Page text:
Why are Skidplates Aluminum? Isn't steel tougher?

8 replies to this topic
  • xrsforever

Posted December 03, 2002 - 11:36 AM


I have noticed that all the skidplates I have seen for sale seem to be made of Aluminum. I have one on my bike and it seems to be prone to bending with any sort of impact.

Are they always aluminum cause it's easier to buld with, or looks better, or lasts longer, or rust resistance,or lighter, or what?

I would be happy to have a tougher, steel plate, even if it was a bit heavier and I had to paint it once a year to prevent rust. It just seems like it would be stronger.

  • Woodzi

Posted December 03, 2002 - 12:35 PM


Steel is 3 times heavier and only about 1.6 times stronger. A strong steel skid plate would be very heavy.

  • jwriott

Posted December 03, 2002 - 01:08 PM


Make sure you are buying Heat Treated aluminum products. 2024, 6061, 7050 and 7075 series are all Heat Treated (strong) alloy and much stronger than Non-Heat Treated (common) alloys.

Most of the parts I have made are cheaper to make out of carbon steel, even with paint or powder coating. Aluminum is more expensive than steel and more difficult to weld and as mentioned above, it is about 3 times lighter.

Ask the dealer or call the company before you buy the product if it doesn't state what aluminum the product is made from. Most handlebars state which alumimum is used. They are going to cost more but will hold up much better to abuse.

  • endurodog

Posted December 03, 2002 - 11:28 PM


FWIW, kind on this topic. A buddy had an Acerbis plastic skid plate on his 94 WR250. He used it with great success. When he sold the bike he gave it to me to use. I used it on my 97 YZ250, then my 99 YZ250 and then My 02 YZ250. I had to do a little whittling on it to get it to fit but I never had a dented frame using it. It never got bent either.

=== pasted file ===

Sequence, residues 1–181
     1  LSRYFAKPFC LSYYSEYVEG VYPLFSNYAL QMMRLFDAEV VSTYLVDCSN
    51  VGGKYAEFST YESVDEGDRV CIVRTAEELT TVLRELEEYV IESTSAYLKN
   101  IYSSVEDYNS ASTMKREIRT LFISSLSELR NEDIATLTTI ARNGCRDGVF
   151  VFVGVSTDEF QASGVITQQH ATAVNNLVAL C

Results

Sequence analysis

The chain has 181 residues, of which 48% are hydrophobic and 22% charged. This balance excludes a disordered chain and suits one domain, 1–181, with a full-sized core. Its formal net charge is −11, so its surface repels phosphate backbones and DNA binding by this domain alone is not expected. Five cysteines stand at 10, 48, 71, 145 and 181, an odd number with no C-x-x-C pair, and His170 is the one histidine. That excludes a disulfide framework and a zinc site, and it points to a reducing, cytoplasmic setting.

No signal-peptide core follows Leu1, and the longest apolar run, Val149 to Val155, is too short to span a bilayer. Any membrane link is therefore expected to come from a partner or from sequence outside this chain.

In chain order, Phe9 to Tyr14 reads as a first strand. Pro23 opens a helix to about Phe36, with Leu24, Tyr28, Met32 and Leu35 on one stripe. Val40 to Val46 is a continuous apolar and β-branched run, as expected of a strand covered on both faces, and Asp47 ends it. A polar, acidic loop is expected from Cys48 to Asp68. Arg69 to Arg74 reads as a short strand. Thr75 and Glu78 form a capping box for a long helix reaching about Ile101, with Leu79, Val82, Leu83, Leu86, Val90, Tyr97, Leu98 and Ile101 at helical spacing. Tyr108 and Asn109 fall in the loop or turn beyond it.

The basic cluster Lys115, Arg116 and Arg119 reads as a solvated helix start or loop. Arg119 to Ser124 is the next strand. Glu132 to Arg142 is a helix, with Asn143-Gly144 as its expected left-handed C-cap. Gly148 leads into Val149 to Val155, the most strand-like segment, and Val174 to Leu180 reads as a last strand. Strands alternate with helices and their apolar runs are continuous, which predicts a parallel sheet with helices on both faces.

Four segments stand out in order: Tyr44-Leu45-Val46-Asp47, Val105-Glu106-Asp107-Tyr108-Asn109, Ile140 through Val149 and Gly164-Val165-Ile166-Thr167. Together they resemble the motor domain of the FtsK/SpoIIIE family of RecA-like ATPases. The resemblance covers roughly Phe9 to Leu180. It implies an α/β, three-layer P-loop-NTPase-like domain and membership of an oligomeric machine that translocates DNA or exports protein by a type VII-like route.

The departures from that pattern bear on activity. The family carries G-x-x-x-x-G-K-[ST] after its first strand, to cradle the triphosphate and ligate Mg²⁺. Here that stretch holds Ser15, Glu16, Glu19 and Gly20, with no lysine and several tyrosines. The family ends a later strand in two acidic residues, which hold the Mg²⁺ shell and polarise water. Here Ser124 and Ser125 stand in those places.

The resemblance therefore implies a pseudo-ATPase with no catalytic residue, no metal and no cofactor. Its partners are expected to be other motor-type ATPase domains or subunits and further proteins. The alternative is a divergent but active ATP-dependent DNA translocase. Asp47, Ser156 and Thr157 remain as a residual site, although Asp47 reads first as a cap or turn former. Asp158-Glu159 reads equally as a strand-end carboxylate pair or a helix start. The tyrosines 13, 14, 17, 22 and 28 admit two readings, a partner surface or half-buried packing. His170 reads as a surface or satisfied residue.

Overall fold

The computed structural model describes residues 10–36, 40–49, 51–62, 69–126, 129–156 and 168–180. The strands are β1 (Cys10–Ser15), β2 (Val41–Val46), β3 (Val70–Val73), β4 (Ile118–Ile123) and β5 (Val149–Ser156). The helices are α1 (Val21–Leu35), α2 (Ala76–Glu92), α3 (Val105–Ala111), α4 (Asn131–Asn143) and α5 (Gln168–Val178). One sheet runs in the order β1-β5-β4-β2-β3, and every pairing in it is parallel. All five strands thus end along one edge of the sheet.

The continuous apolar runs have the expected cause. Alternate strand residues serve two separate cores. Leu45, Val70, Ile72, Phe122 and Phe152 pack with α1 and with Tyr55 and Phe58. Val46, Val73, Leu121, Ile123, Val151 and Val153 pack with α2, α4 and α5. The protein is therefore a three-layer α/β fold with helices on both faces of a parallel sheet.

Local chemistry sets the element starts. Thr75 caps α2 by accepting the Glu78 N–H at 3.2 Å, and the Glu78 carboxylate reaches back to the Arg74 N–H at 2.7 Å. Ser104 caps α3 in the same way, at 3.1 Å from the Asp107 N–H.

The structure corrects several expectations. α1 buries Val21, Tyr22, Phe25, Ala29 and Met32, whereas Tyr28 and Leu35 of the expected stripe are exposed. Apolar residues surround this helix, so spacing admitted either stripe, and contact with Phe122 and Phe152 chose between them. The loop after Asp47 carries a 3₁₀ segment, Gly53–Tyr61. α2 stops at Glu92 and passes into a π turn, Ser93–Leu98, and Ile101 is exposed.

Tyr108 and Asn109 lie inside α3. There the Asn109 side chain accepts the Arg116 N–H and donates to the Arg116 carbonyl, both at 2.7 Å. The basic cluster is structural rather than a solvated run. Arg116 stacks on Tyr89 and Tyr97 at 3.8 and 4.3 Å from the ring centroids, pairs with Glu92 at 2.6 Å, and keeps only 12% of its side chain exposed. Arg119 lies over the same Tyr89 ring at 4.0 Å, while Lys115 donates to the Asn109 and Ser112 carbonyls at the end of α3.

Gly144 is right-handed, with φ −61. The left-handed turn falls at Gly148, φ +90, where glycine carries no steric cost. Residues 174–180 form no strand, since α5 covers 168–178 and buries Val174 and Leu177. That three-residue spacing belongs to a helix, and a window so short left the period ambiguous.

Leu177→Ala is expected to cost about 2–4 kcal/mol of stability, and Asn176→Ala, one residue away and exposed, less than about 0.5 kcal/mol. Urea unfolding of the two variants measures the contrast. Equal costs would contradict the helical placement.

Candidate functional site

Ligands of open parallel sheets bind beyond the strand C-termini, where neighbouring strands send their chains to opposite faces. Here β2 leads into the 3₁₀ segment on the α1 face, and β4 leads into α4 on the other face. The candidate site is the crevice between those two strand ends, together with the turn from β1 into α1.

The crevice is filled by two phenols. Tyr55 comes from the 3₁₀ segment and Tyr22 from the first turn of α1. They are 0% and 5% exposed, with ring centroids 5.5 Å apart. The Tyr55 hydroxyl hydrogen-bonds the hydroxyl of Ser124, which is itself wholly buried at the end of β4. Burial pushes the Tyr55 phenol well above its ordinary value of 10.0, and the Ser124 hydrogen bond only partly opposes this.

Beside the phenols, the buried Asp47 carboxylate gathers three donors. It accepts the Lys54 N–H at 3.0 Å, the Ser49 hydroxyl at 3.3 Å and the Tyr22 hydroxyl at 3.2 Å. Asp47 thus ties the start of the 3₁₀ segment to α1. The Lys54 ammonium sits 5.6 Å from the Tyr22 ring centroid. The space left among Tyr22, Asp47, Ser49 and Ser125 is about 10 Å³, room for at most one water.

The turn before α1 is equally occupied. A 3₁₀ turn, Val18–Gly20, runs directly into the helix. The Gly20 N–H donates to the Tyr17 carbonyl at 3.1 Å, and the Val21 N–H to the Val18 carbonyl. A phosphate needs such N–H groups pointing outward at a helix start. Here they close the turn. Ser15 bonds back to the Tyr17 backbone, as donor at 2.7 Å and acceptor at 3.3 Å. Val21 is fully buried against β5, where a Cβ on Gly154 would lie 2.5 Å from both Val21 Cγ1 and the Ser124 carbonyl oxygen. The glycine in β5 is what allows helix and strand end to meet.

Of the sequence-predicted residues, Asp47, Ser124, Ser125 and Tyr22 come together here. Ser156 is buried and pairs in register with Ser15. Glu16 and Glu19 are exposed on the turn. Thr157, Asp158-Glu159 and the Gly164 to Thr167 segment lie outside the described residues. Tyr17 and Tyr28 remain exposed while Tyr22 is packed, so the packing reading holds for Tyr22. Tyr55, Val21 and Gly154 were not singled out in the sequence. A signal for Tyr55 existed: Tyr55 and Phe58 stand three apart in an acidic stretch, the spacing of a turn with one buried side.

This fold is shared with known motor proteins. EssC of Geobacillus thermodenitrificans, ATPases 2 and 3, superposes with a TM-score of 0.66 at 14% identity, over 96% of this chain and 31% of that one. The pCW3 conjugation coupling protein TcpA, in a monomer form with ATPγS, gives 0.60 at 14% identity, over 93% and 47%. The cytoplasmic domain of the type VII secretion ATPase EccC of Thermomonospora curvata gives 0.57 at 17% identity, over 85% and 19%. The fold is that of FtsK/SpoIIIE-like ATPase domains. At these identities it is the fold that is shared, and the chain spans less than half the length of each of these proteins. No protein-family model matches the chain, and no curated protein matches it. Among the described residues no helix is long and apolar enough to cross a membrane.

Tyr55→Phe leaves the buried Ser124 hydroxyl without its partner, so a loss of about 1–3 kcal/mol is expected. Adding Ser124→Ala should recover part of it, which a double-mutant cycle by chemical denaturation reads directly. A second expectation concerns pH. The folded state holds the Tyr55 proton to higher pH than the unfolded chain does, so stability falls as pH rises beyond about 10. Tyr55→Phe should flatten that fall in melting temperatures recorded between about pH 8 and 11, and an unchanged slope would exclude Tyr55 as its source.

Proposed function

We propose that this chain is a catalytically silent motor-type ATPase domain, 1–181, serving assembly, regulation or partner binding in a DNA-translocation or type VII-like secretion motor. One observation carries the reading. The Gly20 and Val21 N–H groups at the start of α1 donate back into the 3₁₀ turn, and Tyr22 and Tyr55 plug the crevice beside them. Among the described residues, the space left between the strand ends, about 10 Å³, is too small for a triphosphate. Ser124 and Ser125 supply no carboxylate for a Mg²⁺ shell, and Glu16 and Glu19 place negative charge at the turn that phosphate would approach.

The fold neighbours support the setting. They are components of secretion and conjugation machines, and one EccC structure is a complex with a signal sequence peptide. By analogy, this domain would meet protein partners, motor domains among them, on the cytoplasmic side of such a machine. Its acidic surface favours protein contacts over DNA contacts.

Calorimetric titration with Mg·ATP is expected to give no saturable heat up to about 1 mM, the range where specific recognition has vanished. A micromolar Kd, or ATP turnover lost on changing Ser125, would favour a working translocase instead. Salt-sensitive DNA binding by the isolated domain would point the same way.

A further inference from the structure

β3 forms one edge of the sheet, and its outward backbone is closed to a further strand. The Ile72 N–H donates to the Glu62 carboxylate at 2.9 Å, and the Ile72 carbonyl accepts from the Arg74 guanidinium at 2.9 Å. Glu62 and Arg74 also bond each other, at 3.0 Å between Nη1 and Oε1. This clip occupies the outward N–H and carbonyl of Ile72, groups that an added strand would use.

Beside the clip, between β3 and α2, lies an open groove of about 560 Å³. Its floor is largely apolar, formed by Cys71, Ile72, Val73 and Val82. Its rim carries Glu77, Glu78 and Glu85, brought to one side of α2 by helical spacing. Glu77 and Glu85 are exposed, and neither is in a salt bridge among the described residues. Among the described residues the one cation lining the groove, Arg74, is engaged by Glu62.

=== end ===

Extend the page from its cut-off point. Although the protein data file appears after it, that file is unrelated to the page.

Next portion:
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  • jwriott

Posted December 04, 2002 - 07:04 AM


BRP's come with a plastic skid plate and it has held up very well on my buddies bike. We ride in a lot of rocks.

  • Chaindrive

Posted December 05, 2002 - 09:18 AM


You can make a simple one from a heavy-duty semi mudflap ( the plastic type ). That stuff is incredibly thick,tough, rigid, and slippery! I keep one in my shop to use as a super-low-profile creeper or when working under a vehicle in my gravel driveway. You can get them with your choice of colors or logos at any truckstop for @ $10. One flap would be enough for half a dozen dent-proof skidplates. Use a saber saw and drill to cut it out and mount it and a hole saw for drain plug access.

  • Burnrider

Posted December 07, 2002 - 05:26 PM


How do you bolt it up?

  • yamaha.dude

Posted December 07, 2002 - 05:57 PM


zip-ties? make it a quick realease one... pair of side cutters will have it off in 15 seconds, and you can mount it back up quick, just put the ties on the guard first, then loop around the frame and pull tight...


  • Chaindrive

Posted December 07, 2002 - 08:16 PM


Zip ties would work well. Making some clamps (like conduit clamps with nuts welded on) would also be very easy. You could just bend up some clamps out of 1" flat stock. With a washer under the bolt head, it would be very strong. I actually like Yamaha.Dude's zip-tie approach the best, though. Very cheap, easy and strong. Lighter, too.


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